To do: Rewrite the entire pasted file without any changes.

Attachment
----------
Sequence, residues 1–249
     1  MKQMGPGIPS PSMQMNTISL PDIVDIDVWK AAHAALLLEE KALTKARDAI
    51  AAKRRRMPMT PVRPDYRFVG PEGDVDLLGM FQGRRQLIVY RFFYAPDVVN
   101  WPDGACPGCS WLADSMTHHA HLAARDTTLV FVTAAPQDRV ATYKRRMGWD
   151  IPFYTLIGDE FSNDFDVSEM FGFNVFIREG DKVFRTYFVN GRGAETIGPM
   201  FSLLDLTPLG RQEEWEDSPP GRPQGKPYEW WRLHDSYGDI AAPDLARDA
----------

Sequence, residues 1–249
     1  MKQMGPGIPS PSMQMNTISL PDIVDIDVWK AAHAALLLEE KALTKARDAI
    51  AAKRRRMPMT PVRPDYRFVG PEGDVDLLGM FQGRRQLIVY RFFYAPDVVN
   101  WPDGACPGCS WLADSMTHHA HLAARDTTLV FVTAAPQDRV ATYKRRMGWD
   151  IPFYTLIGDE FSNDFDVSEM FGFNVFIREG DKVFRTYFVN GRGAETIGPM
   201  FSLLDLTPLG RQEEWEDSPP GRPQGKPYEW WRLHDSYGDI AAPDLARDA